Reviews tagging Trafficking

The Gilded Ones, by Namina Forna

20 reviews

catphilli's review

Go to review page

adventurous challenging dark emotional inspiring fast-paced
  • Plot- or character-driven? A mix
  • Strong character development? Yes
  • Loveable characters? Yes
  • Diverse cast of characters? Yes
  • Flaws of characters a main focus? It's complicated

4.75

What a little gem of a book! I didn’t know anything about this book before buying it based on its gorgeous cover design 😂 Such a fantastic story that I think all young women should read - very hunger games esque just more whimsical. Very high praise coming from a hunger games stan. The commentary this book makes on society, sexism, racism and abuse is so powerful and easy to devour. It’s also a beautiful emotional story and is incredibly written throughout. Definitely a great one for me to dip my toe back into YA fiction!! 

Expand filter menu Content Warnings

messy_shelves's review

Go to review page

adventurous medium-paced
  • Plot- or character-driven? A mix
  • Strong character development? Yes
  • Loveable characters? Yes
  • Diverse cast of characters? Yes
  • Flaws of characters a main focus? It's complicated

5.0


Expand filter menu Content Warnings

theespressoedition's review

Go to review page

adventurous challenging emotional slow-paced
  • Plot- or character-driven? Character
  • Strong character development? Yes
  • Loveable characters? No
  • Diverse cast of characters? No
  • Flaws of characters a main focus? No

2.0

Well, I've discovered something about myself while reading this book: I don't care for war/warrior stories, especially when it comes to fantasy.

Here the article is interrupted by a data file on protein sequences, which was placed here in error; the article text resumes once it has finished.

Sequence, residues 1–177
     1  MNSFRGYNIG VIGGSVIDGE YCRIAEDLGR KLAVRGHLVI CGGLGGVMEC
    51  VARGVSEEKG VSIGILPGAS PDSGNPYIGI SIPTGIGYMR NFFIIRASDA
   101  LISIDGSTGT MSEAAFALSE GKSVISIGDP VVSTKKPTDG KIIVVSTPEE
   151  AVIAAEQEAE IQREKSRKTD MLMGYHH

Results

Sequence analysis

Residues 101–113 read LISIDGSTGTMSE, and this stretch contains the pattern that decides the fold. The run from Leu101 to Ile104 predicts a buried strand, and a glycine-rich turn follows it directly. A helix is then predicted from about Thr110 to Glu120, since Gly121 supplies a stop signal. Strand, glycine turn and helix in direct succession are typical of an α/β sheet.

I realize a lot of my disinterest in this book stems from the audio because I wasn't a huge fan of the narration style. However, I also just didn't love the story itself. It felt like it dragged on, with an excess of description and lack of action. There was such a huge focus on what was so different about the MC that when the "big reveal" happened, it seemed like a letdown because it was nothing unusual.
SpoilerIf it had been a brand new creature of some sort, I would have been fascinated, but finding out that she was just the ruler/killer of the species was a bummer


Usually, at the end of a slower book that I didn't love, I still have an interest in reading the sequel. However, for this book, it didn't keep me interested enough to pick up the next book. I'm just not enthralled with the characters or what happens to them. 

Expand filter menu Content Warnings

evilcallie's review against another edition

Go to review page

adventurous challenging dark slow-paced
  • Plot- or character-driven? Plot
  • Strong character development? No
  • Loveable characters? It's complicated
  • Diverse cast of characters? It's complicated
  • Flaws of characters a main focus? No

2.5

 
I have very mixed feelings about this book. I wanted very much to like it, and I do find the story itself to be interesting and unique. However, I do think there are a lot of flaws in the writing of it that, at least when listening to it, really stand out and heavily reduced my enjoyment of it. I ended up listening to it on 1.75 speed just to finish it.

The story itself, a society where some of the women have "tainted blood" that identify them as demons, that is also fighting off a race of creatures that seem to attack humans without cause, was interesting. The beginning of the book was, for me, actually really strong in establishing the world and society that the main character is a part of. It was once the main character, her mentor, and her soon-to-be best friend arrive in the capital that the book slowed down, and the flaws that were not as visible in the first several chapters became really prominant.